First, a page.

Here in the soon-to-shut-down DC Government we have been in a Google Apps pilot for the past year and a half or so. (This pilot also involves using gmail instead of Exchange!) The docs are great for collaboration. Instead of sending out a spread sheet to twenty recipients asking for data, and then having to collate all of the replies into a master spread sheet, you can upload your spread sheet to the cloud and everybody gets a link to access it and populate the spread sheet via their web browser. It can be a huge time saver for data gathering, surveys and other activities involving a large user base that must collaborate.
One of the coolest things is that each person can see data being input by others that have the document open. A side benefit to an organization is that the email servers no longer need to double as file servers. You can also recover earlier versions of documents in case one of the collaborators thinks it would be a good idea to delete half of the document contents.
And, as you might expect from Google, searching through all documents for key words is super fast. I am scrolling through the hundreds of documents that have been shared with me during the pilot and it’s insanely easy to find anything as long as you can think of a key word.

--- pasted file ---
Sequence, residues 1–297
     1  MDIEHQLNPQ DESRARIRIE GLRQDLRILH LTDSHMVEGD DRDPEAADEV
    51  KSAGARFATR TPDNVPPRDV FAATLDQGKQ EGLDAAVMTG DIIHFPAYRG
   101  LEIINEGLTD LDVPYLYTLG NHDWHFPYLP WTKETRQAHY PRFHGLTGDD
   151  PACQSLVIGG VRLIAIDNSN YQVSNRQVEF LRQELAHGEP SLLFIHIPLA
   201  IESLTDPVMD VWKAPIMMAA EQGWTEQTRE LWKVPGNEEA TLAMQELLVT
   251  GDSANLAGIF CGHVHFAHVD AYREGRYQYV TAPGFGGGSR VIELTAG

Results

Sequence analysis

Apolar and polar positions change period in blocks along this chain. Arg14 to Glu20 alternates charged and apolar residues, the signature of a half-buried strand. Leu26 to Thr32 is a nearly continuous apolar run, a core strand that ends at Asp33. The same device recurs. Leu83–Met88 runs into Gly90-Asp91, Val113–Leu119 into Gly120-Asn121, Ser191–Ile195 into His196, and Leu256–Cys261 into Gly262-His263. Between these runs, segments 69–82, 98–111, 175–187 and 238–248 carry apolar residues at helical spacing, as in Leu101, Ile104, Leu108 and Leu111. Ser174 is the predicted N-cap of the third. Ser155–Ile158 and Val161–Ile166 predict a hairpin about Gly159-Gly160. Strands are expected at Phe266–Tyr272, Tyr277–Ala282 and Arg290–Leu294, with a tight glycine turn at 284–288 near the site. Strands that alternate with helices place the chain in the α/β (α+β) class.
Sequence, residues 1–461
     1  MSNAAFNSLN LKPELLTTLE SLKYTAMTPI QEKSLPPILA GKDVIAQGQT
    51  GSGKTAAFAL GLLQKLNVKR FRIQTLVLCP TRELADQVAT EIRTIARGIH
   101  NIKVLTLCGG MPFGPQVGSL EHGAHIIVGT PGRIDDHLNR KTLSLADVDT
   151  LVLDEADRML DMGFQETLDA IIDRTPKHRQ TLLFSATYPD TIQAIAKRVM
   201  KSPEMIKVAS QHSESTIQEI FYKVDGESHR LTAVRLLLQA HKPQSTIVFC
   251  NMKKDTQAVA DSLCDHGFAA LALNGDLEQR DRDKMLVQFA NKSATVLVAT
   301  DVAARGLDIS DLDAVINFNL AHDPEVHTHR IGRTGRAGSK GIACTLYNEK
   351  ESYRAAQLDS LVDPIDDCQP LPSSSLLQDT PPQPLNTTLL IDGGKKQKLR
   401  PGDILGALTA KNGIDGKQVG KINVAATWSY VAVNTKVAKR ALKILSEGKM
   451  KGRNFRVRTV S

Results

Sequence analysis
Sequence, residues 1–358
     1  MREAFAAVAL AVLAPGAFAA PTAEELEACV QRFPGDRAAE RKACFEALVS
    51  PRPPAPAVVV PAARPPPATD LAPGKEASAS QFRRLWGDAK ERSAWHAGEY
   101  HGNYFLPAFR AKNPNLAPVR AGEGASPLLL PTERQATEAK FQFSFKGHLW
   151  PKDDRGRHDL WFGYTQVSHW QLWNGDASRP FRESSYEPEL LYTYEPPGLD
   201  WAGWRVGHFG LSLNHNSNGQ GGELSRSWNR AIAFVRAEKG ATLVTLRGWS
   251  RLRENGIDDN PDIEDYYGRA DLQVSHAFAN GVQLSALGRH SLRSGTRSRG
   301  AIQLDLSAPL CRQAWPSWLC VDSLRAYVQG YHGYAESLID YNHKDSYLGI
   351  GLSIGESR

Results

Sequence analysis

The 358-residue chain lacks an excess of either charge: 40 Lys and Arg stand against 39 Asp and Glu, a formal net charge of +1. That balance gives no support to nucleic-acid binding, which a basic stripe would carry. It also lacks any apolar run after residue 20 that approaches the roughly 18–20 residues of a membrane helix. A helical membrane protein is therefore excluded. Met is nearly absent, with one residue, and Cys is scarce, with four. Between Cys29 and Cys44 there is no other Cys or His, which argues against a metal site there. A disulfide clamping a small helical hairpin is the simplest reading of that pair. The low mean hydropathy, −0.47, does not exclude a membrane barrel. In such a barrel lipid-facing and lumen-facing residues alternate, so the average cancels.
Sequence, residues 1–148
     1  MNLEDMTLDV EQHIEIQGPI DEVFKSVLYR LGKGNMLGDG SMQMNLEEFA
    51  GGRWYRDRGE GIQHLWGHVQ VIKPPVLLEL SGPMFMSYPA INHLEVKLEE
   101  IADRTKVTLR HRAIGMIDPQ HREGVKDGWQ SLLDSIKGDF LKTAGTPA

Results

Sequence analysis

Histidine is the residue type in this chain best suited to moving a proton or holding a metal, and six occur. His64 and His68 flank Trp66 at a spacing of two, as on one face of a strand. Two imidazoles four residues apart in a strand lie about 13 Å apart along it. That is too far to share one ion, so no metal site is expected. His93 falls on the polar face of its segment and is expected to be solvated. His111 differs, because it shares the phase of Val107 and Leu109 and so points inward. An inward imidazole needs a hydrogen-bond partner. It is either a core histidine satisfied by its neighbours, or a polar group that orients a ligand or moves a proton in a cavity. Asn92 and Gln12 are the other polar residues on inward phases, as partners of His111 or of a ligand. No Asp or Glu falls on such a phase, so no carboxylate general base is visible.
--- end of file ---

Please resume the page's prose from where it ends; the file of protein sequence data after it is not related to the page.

Having said that, it is extremely underpowered and lacks a lot of the advanced features of fat client spread sheet programs. Font styles in word documents are limited to 18 or so; and only 6 in spread sheets.
Here’s a feedback document from the pilot where lots of people didn’t have many good things to say.
Cell formatting in spread sheets is anemic. You can merge cells horizontally but not vertically. Little annoyances like that all over the place. No pivot tables/charts. For basic use, it’s great. But it’s not for power users. Here’s a screen shot of a spread sheet where you can see the limited formatting functionality in the tool bar.
The traditional delay in cloud-based apps is sometimes annoyingly present because everything has to go to California and back before you see the results of typing or mouse clicks.
Of course the appeal is that it’s much cheaper than an enterprise license for MS Office. But you definitely get what you pay for. I use the free service with my personal gmail account just because I like having access to all of my documents no matter where in the world I am. That has come in very handy on more than a few occasions.